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Autor:  Antxón Sarasqueta  (antxon@sarasqueta.com)
Fecha:  Domingo 29 de abril de 2007
Categorías:  English
DECODING THE TOPICS:
A new european leadership

Globalization and strengthen the Nation-state are the main topics for leadership in France, Germany, Japan, Turkey, and…freedom: Iranian police have warned barbers against offering Western-style hair cuts.

The New Europeans

The changing of the guard in Europe's biggest countries is a chance for the Continent to renew itself. That's the good news. Here's the other kind: This fresh crop of leaders doesn't look well-placed to pull it off.

France is a good test case. Its socioeconomic troubles are nothing unusual for Old Europe -- from stagnant growth to a debt-ridden welfare state to restive, underemployed young Muslims. But the political barriers to tackling these problems are highest in France. The presidential election, pitting center-right Nicolas Sarkozy against Socialist Ségolène Royal, might provide a mandate for change. According to an Ipsos survey on the day of the first round of voting April 22, the three main issues were unemployment, purchasing power and economic insecurity.

Germany gives a half-reassuring answer. The "sick man of Europe" a few years back, a nickname today applied to France, the world's third-largest economy notched a recent high of 2.7% growth in 2006 and saw joblessness last month fall to its lowest level in five years. The previous government's limited welfare reforms helped, but the real credit goes to Germany's private sector.

[The Wall Street Journal, 5-5-07]

Iran bans Western haircuts, eyebrow plucking for men

Iranian police have warned barbers against offering Western-style hair cuts or plucking the eyebrows of their male customers, Iranian media said Sunday. Iranian young men have in recent years started paying more attention to the way they look and dress. Spiked up hair, by using gel, is known as the Khorusi( Rooster) style and some also use make-up. Under Iran’s Islamic Sharia law, imposed after the 1979 revolution, women are obligated to cover their hair and wear long, loose-fitting clothes to disguise their figures. Violators can receive lashes, fines and imprisonment. Since hardline president Mahmoud Ahmedinejad won the presidency in 2005 on a promise of returning to the values of the revolution, hardliners have pressed for tighter controls on what they consider immoral behavior.

[CNN, 29-4-07]

British Antiterrorism Chief warns of more severe Qaeda attacks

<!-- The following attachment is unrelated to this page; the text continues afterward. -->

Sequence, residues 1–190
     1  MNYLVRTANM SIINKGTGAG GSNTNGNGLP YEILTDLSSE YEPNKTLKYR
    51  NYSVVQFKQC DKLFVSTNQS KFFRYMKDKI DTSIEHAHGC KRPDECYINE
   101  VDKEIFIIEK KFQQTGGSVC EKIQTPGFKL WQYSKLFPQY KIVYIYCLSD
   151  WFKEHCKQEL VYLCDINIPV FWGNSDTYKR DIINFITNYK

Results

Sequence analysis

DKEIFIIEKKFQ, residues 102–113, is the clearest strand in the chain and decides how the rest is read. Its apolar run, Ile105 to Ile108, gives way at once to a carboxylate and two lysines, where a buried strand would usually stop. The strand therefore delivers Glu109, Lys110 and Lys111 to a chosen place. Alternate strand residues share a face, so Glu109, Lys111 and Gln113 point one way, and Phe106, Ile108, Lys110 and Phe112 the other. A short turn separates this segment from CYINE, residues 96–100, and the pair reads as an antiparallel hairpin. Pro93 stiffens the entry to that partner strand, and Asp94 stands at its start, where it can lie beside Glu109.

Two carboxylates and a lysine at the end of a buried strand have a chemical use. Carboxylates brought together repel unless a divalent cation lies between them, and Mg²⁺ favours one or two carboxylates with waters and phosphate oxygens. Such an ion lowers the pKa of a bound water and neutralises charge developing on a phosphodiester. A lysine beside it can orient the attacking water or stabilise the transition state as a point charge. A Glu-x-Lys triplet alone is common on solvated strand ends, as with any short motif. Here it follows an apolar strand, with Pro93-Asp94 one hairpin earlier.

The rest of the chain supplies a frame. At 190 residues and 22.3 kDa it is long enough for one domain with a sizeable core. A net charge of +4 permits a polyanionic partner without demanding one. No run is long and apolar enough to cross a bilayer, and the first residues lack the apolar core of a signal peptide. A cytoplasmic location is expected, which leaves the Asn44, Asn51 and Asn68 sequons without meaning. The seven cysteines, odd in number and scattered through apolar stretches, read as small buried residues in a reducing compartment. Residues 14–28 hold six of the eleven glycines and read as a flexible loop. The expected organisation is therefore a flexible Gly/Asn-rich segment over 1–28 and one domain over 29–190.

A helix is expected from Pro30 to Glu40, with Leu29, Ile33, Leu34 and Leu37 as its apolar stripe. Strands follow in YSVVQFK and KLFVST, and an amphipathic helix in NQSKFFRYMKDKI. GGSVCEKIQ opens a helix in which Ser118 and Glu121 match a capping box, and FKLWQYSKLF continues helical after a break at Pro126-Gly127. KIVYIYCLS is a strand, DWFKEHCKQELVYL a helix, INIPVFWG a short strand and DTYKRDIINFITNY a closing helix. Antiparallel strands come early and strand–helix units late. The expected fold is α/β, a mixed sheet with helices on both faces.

Top counterterrorism police officer, Peter Clarke, said Tuesday that Al Qaeda had survived “ a prolonged multinational assault” and that its supporters has established “an inexorable trend towards more ambitious and more destructive attack planning. The only sensible assumption is that we shall be attacked again” Mr. Clarke declared. He said that about 100 terrorism suspects awaited trial-in addition to several on trial- and that their cases would confirm a trend that had emerged since 2004 of young British Muslims traveling to Pakistan for training and instructions, then returning home to plot attacks.

[New York Times, 26-5-07]

In Turkey, fear about religious lifestyle

When hundreds of thousands of protesters filled the streets of Istanbul on Sunday, it may have looked like a protest of government policy. It was not. Behind the slogans and signs of marchers in Istanbul on Sunday and in Ankara two weeks ago was something much more basic, a fear of the lifestyles of their more religious compatriots.

[NYT, 30-4-07]

Japanese support grows for military amendment

Prime Minister Shinzo Abe marked the 60th anniversary of Japan’s pacifist constitution on Thursday, calling for a “bold review” of the country’s postwar pacifism and a revival of national pride. The government has been pushing for constitutional changes that would remove some restrictions on Japans military, including clearly recognizing the country’s right to have a standing army. Japan has already stretched the constitutional limits, with the government interpreting its pacifist clauses to mean the country can have armed troops to protect itself, allowing the existence of its 240,000 strong Self-Defense Forces. Public support for constitutional change has been on the rise. In separate poll results published Thursday, the Mainichi Shimbun and Nikkei Shimbun newspapers both said 51 of those surveyed were in favor of changing the constitution.

[CNN, 2-5-07]

See last week Decoding the topics
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